Friday, January 14, 2005
New Case: Ninth Circuit Says "Knock and Announce" Rule Can Be Satisfied by Appropriate Announcement Without "Knock"
The Ninth Circuit ruled this week in U.S. v. Combs (and here) that the principles of the "knock and announce" rule were satisfied even though the officers in question failed to knock before executing a search warrant at a home. Rather than knock, the officers loudly announced their presence and their possession of a search warrant from the street via the patrol car's loudspeaker. When no one came to the door, they broke the door down with a battering ram and found the defendants and a meth lab inside. The officers justified their failure to knock, in essence, by explaining that active meth labs can explode, and they did not want to position officers close to the house any longer than they had to.
This case is interesting to me because it seems like none of the exceptions listed in Wilson were present (although the Wilson list is not exhaustive). There is no indication that the officers believed they would be met with bullets if they knocked, no indication that they feared the inhabitants would destroy evidence if they knocked, and it was not a hot pursuit case. The court noted that the occupants of the home had covered their windows with paper and had installed a security camera on the outside of the house, but these facts simply corroborated the tip that the occupants were doing something illegal inside. These facts alone should not give rise to a reasonable suspicion that the officers would be met with bullets if they knocked. Rather, the justification seemed to be that the officers did not want to stand near the door longer than they had to because they believed an active meth lab was inside. But the meth lab seems to have been in operation for an extended period of time without having blown up. An officer could have run up the sidewalk, knocked and announced and then quickly retreated to the street if he truly feared an explosion. The state's interest in dispensing with the knock requirement seems minimal, as the chance of an explosion occurring during the second or two it would take to knock and announce seems minuscule (not to mention that the explosion would have to be of a magnitude to cause injury to those standing outside the home in order for the stated "officer safety" rationale to be triggered). And, on top of all that, the officers were planning to search the home anyway knowing a meth lab was inside. How does a knock on the door substantially increase the risk to the officers given the extended period of time that they were already planning to spend inside the home? Moreover, several officers stood by the door anyway while another officer announced their presence via loudspeaker from the street. Thus, the officers' own actions seem to belie the fact that a knock was not feasible. My feeling is that the officers decided to be cowboys and announce their presence in a dramatic fashion, and then attempted to justify their failure to knock after-the-fact.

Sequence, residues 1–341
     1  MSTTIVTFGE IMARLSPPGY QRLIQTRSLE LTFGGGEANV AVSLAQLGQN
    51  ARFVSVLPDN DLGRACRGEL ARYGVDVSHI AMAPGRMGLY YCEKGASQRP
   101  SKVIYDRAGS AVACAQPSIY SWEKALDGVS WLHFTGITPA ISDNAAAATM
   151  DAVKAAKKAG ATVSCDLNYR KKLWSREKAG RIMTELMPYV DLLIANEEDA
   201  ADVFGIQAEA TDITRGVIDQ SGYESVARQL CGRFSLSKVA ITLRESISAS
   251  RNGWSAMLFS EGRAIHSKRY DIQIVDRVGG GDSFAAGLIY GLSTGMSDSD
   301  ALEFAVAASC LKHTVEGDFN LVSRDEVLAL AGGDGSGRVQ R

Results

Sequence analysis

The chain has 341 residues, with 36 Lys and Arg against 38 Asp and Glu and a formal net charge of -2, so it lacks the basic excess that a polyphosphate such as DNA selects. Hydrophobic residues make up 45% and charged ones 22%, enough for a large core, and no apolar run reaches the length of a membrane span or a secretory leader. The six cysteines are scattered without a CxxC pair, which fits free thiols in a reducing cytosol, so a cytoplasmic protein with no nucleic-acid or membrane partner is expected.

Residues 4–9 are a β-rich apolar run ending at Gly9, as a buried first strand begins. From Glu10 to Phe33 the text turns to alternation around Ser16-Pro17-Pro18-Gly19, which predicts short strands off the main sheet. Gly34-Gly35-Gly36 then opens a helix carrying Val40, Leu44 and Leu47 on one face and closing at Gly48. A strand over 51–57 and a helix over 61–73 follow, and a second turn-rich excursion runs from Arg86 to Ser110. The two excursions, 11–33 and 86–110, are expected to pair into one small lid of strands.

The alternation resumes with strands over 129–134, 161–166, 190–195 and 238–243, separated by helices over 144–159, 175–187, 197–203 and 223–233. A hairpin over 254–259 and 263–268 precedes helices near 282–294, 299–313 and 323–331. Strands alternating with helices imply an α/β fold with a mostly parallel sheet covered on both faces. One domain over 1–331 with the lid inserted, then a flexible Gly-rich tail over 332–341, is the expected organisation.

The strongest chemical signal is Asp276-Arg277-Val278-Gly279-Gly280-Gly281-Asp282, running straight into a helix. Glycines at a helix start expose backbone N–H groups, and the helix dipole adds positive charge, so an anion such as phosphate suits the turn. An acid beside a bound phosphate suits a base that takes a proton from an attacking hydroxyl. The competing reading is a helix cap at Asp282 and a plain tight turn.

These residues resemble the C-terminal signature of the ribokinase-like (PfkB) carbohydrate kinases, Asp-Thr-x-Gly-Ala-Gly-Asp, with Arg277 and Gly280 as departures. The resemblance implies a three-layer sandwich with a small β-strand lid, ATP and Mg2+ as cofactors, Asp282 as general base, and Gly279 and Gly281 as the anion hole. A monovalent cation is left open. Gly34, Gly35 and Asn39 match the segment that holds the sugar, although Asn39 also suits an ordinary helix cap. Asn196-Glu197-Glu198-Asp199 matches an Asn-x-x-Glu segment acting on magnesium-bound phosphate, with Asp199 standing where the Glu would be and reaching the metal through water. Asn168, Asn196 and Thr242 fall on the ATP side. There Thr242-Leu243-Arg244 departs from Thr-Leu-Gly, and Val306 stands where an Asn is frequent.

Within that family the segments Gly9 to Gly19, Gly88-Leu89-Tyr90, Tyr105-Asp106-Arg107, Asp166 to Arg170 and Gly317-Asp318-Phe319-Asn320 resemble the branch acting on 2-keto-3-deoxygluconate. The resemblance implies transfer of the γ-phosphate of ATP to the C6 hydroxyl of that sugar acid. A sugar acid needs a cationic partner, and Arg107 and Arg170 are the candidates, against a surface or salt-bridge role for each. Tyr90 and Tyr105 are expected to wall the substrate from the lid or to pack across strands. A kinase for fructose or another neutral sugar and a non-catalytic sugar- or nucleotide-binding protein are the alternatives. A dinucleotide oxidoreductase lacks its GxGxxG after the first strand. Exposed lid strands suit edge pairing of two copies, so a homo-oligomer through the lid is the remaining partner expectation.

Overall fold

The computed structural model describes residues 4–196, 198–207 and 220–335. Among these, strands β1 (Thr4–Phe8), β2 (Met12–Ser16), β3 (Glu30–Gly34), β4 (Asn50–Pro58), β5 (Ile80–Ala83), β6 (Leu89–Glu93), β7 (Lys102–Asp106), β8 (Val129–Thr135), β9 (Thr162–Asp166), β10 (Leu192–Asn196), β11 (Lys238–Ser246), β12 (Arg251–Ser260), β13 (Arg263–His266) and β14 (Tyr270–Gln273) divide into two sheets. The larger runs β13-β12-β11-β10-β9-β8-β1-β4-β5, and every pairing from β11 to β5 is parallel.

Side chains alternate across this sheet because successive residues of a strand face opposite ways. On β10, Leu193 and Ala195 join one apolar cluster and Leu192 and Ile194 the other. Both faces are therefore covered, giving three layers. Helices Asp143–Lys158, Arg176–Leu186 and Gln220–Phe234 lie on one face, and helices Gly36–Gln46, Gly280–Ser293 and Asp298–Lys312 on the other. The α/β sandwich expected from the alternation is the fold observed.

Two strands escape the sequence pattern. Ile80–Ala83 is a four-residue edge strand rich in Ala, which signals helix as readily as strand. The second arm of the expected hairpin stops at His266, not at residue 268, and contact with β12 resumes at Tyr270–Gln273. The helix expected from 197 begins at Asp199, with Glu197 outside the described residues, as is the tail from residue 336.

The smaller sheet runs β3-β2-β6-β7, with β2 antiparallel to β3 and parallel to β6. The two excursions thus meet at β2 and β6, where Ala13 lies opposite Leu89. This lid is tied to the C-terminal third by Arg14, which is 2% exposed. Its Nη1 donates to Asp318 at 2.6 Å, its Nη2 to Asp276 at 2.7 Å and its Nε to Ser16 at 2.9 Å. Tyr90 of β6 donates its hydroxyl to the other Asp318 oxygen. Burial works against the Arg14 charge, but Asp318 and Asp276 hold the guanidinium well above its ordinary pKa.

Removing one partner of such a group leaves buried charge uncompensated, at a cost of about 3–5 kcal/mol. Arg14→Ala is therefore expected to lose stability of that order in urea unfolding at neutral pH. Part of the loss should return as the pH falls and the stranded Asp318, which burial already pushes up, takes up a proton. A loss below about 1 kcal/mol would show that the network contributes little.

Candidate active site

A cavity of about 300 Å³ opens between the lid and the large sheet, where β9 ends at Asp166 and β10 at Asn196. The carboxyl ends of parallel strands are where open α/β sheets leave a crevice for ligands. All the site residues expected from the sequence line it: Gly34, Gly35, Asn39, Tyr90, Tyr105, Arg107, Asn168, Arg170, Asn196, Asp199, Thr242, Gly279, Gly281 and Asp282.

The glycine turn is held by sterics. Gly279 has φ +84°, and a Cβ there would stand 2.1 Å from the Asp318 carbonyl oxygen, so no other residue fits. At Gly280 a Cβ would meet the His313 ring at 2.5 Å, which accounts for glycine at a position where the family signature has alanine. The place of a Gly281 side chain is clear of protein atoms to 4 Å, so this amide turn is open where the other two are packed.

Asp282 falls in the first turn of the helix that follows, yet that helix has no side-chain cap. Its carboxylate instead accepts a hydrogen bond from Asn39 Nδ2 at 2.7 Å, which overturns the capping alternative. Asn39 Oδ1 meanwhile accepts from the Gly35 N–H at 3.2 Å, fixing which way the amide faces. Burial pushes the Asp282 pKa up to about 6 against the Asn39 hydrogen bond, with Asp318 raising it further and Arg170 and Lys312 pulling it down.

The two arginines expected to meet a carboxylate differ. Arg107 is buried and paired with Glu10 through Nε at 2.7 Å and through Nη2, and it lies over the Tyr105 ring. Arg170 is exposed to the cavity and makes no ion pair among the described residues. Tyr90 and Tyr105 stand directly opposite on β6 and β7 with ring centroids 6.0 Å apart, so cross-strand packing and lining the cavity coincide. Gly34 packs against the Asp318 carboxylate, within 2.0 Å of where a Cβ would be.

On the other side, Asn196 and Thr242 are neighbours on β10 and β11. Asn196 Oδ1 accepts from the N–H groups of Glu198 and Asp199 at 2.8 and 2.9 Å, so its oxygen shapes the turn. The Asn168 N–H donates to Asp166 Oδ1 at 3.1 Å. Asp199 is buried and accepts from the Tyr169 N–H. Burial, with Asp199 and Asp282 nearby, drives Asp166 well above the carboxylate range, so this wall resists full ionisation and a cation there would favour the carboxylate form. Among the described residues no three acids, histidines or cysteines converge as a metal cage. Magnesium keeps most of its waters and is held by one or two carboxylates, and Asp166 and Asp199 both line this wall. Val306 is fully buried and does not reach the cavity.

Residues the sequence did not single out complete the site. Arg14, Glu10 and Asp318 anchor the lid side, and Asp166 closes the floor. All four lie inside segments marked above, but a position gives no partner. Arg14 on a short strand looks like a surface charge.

One might argue that an announcement via loudspeaker accomplishes the same thing as a full "knock and announce," so requiring the notice to come from the sound of a hand rapping on wood (or doorbell) rather than vocal chords and loudspeaker trivializes the 4th Amendment. But a knock on the door is more clearly directed at the inhabitants of the home than street noise. Here, the officers actually announced the address of the home they were intending to search over the loudspeaker, which could perhaps take care of that problem. But still, people are conditioned to tune out "street noise" without really listening, and conditioned to mentally register knocks on doors.
An additional and more interesting problem, as I see it, is that the method used by the police alerted the entire neighborhood. If the police were executing a search warrant at my house, I would rather them discreetly knock and announce at my front door rather than let the entire street know that I "might" be in trouble. This is particularly true when the PC is developed, as it was in this case, through an anonymous tipster who might be dead wrong. Whether this additional invasion of privacy by exposing to the neighborhood what is going on is recognized in the "totality of the circumstances" in deciding whether the means of entry was reasonable is an interesting question. If so, I am not sure that the state's minimal-to-nonexistent interest in avoiding a discreet knock outweighed the defendant's privacy interest in avoiding a publicly-announced search. [Mark Godsey]